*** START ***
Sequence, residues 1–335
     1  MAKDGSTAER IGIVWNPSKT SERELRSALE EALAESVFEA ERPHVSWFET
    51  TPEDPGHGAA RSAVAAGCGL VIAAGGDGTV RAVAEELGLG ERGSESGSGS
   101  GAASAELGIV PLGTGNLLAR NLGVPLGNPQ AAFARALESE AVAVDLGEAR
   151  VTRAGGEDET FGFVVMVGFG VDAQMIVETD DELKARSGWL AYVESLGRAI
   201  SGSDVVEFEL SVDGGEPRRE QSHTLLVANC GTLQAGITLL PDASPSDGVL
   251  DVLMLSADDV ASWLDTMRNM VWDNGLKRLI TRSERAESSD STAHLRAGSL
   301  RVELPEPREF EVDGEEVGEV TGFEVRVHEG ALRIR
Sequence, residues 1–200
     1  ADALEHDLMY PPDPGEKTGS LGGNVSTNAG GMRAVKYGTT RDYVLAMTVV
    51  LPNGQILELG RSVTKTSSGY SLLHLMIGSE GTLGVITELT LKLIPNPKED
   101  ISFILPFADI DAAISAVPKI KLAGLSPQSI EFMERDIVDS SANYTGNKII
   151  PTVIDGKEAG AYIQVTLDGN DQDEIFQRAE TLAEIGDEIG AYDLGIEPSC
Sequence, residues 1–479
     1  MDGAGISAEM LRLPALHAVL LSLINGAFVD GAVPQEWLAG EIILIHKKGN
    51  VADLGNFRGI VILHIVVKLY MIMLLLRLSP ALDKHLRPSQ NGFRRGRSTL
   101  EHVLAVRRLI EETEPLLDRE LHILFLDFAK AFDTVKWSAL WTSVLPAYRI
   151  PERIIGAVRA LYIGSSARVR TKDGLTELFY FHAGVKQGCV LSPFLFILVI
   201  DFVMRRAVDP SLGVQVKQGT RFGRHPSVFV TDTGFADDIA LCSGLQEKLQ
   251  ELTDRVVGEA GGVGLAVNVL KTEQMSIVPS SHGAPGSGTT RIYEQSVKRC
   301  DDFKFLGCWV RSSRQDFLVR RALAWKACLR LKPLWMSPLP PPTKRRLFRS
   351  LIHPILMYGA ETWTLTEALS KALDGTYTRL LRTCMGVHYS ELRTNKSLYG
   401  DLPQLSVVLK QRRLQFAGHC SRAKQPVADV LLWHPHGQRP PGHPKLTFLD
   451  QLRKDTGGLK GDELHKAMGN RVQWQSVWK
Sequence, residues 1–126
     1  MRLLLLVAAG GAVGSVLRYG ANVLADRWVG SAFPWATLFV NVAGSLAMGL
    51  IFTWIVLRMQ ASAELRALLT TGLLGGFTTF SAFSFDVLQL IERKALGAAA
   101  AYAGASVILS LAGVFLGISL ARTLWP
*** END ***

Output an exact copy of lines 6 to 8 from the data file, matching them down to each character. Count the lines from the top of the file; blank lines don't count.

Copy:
   201  SGSDVVEFEL SVDGGEPRRE QSHTLLVANC GTLQAGITLL PDASPSDGVL
   251  DVLMLSADDV ASWLDTMRNM VWDNGLKRLI TRSERAESSD STAHLRAGSL
   301  RVELPEPREF EVDGEEVGEV TGFEVRVHEG ALRIR